Public Service Co. of Colorado, a unit of Xcel Energy, won permission October 8 to increase the height of several 115-kV transmission structures along the portion of a line that extends from Poncha Springs in Chaffee County, Colorado, to Cañon City in Fremont County.
“There are currently 113 towers within Chaffee County along this line [and] they’re increasing the height of 12 of them to maintain ground clearance,” Don Reimer, Chaffee County development director, told TransmissionHub October 10.
Following a 2008 NERC alert regarding clearance issues, the utility performed assessments using LIDAR technology and identified some 40 power poles that needed to be replaced due to inadequate surface clearance along the entire stretch of the 1958-vintage line, which runs about 52 miles and connects Poncha Springs in Chaffee County with the Malta substation in Lake County, Colo.
“We’re going back in and replacing structures or adding additional height to them to ensure adequate clearance to meet requirements,” Betty Mirzayi, manager of regional transmission initiatives for PSCo, told TransmissionHub October 11.
Due to the current maximum tower height of 60 feet, a special land-use permit called a “non-conforming use permit” was already required for the structures in Chaffee County. Raising them to as much as 80 feet required expansion of that permit.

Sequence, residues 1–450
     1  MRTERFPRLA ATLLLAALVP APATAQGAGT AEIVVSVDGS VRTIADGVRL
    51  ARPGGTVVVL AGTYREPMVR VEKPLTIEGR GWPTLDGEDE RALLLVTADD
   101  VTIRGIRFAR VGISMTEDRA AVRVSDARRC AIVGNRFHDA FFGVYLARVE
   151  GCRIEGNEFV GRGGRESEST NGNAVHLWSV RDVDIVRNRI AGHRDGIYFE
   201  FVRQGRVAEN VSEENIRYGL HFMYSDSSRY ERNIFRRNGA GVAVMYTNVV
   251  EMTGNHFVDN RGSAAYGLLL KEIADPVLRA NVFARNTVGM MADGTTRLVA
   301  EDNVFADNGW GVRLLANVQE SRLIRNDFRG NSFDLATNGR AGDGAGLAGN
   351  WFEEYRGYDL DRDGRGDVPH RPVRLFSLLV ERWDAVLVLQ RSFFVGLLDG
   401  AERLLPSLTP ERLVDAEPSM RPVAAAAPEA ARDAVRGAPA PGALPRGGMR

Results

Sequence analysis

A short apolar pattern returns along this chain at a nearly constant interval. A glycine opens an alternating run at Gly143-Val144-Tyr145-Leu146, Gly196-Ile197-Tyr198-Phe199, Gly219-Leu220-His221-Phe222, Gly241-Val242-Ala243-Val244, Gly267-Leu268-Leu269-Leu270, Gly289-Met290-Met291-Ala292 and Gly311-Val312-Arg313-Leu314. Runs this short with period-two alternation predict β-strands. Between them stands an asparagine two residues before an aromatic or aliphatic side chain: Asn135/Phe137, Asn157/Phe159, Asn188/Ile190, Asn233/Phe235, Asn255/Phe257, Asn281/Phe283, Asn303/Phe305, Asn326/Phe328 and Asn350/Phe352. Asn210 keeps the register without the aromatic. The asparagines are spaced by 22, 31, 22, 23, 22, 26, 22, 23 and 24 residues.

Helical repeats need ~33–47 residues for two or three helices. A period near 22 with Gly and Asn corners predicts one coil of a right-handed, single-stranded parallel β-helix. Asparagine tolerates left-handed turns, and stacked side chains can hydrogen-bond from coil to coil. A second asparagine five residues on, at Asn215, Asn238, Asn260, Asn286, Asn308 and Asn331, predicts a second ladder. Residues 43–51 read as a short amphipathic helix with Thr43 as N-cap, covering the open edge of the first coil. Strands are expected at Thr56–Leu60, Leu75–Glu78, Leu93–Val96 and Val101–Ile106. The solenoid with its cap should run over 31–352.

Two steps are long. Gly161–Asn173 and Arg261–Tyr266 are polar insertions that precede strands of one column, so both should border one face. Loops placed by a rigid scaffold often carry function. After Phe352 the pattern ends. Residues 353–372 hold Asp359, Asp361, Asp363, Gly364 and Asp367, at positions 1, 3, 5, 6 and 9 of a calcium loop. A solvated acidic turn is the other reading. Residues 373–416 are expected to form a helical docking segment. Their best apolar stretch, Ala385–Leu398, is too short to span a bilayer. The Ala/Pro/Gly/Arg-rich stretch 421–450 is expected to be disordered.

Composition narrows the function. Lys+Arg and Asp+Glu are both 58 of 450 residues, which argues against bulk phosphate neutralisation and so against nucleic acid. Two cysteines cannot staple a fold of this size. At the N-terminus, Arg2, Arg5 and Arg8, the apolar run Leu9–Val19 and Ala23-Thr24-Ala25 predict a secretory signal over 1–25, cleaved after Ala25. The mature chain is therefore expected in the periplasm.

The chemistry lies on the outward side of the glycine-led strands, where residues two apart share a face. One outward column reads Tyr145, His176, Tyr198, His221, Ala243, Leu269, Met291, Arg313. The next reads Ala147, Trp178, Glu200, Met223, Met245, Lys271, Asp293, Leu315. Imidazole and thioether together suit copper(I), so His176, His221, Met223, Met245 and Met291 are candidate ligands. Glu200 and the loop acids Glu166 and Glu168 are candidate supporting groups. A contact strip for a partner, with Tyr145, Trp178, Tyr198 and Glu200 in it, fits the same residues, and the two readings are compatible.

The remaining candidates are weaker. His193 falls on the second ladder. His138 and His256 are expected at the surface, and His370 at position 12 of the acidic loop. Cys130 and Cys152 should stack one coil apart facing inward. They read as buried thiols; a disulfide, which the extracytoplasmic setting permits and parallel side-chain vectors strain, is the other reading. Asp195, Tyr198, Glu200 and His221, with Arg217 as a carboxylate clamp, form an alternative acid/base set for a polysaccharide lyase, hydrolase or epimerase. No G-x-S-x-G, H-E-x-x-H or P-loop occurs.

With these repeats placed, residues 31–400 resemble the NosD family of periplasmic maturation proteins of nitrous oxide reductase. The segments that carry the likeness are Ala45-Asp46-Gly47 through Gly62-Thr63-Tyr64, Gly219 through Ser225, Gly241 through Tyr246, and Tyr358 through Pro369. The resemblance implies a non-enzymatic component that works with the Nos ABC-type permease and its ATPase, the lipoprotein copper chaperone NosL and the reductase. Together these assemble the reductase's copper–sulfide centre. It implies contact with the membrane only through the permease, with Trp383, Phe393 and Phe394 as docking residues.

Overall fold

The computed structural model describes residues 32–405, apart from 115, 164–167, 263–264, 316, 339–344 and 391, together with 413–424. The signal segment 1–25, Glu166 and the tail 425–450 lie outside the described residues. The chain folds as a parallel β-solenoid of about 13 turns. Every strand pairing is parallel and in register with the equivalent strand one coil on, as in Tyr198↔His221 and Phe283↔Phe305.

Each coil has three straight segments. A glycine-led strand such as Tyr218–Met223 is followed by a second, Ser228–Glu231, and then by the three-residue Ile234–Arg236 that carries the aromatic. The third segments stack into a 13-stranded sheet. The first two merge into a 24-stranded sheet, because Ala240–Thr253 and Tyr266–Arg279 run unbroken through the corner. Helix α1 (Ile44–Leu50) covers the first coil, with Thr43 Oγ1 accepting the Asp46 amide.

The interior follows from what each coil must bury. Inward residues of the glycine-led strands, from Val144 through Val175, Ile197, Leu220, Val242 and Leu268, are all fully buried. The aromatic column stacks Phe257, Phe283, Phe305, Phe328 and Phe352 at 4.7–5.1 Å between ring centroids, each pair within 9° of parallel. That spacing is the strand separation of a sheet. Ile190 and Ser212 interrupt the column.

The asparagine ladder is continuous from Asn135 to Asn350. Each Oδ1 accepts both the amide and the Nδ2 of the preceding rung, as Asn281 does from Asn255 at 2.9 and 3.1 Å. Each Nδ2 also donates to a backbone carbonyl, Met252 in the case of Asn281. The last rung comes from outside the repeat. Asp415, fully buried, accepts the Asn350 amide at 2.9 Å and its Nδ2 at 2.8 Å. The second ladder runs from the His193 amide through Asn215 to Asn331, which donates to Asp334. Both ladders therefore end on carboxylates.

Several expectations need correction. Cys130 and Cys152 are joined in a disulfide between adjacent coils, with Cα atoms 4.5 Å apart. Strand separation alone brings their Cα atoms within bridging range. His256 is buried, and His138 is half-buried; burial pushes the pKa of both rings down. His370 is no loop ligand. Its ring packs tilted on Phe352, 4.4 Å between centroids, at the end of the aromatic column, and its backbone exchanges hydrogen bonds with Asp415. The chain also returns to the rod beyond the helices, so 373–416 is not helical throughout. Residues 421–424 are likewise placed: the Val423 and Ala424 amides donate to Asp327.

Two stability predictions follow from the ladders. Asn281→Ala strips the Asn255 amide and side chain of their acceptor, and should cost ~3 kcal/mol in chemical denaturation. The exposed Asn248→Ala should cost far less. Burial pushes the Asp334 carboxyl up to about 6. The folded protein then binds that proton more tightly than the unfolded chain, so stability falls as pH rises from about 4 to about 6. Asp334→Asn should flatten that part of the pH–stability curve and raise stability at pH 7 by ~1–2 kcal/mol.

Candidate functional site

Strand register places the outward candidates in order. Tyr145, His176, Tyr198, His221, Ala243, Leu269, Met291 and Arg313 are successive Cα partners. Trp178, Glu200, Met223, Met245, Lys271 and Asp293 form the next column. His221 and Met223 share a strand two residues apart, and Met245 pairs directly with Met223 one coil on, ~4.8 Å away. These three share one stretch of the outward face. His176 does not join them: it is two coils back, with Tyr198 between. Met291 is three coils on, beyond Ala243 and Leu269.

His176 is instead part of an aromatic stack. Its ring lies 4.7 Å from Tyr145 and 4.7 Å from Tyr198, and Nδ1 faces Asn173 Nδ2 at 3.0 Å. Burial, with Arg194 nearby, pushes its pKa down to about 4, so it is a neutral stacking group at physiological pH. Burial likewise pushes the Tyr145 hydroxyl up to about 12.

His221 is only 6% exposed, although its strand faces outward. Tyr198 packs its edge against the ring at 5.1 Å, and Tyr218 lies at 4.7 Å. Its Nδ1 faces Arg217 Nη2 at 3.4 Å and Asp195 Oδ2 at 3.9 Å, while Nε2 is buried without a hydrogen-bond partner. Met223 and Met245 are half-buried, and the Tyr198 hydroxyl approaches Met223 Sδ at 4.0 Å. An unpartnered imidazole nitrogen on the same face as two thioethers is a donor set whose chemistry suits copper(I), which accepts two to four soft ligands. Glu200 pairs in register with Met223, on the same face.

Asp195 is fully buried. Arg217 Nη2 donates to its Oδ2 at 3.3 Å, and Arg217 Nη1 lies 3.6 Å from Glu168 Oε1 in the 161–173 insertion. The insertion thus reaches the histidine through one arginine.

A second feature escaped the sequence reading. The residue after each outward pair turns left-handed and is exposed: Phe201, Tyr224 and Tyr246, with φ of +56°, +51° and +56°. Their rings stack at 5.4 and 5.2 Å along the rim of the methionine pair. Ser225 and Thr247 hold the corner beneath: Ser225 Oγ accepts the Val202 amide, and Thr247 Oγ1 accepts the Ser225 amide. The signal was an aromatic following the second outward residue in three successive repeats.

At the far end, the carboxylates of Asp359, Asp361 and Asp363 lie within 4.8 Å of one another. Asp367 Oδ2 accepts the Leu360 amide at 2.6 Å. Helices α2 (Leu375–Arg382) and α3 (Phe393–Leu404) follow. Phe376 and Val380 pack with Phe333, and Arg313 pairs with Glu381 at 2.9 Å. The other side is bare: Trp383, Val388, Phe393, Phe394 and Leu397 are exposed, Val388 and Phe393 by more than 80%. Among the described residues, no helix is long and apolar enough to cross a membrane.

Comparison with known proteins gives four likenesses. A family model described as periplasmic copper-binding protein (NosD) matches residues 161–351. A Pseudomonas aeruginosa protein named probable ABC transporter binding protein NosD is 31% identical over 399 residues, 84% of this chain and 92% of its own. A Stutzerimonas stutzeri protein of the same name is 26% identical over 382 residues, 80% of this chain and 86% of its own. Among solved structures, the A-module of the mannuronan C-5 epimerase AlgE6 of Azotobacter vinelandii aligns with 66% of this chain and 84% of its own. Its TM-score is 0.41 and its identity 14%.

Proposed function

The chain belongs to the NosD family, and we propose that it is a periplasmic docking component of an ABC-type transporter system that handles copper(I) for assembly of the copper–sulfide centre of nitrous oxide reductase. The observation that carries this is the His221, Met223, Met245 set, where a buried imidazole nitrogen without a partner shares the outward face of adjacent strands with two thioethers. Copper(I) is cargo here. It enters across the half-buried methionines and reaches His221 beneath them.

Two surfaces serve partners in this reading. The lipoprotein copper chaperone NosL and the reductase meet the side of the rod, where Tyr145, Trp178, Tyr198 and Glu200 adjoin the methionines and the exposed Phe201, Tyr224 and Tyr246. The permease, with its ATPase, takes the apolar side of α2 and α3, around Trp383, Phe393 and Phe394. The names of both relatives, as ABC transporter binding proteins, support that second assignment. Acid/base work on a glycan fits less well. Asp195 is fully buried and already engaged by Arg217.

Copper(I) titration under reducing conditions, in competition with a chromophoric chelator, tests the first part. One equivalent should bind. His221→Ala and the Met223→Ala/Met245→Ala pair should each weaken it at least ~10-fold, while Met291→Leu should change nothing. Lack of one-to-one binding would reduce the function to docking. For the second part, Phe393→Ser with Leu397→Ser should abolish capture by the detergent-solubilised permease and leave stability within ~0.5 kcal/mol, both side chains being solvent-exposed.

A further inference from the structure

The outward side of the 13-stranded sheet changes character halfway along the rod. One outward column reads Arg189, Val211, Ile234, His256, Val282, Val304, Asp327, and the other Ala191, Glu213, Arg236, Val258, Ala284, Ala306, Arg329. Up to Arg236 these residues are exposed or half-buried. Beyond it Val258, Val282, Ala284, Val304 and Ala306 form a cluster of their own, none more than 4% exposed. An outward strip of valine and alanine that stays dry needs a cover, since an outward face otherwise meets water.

Chaffee County commissioners approved the expansion of the use permit after hearing from utility representatives, including an Xcel Energy engineer who told the commissioners that the 2003 East Coast blackout was an example of what can happen when power lines come too close to vegetation, Reimer said.
While the use permit is the last approval that must be obtained from Chaffee County, additional approvals must still be obtained.
One of the towers for which the height will be increased is near Harriet Alexander Field, a small general-aviation airport near the town of Salida, Colo. Reimer recommended, and the county commissioners concurred, that PSCo obtain an airspace clearance from the Federal Aviation Administration (FAA) before starting construction work on that tower.
However, more than 4,000 FAA safety inspectors, airline-oversight staff, traffic-control support personnel and others, including those who respond to news media inquiries, remain furloughed as a result of the ongoing government shutdown. Accordingly, additional details regarding the need for an airspace clearance were unavailable as of press time October 10.
After leaving Chaffee County to the northeast of Salida, the line continues to Cañon City in Fremont County, where special permits are not required.
“In Fremont County, the line is over mostly federal recreational and state lands,” Mirzayi said. “Our understanding is that the type of work that we’re doing does not require the same type of permitting in Fremont County as in Chaffee County.”
The project is scheduled to be completed in 2014.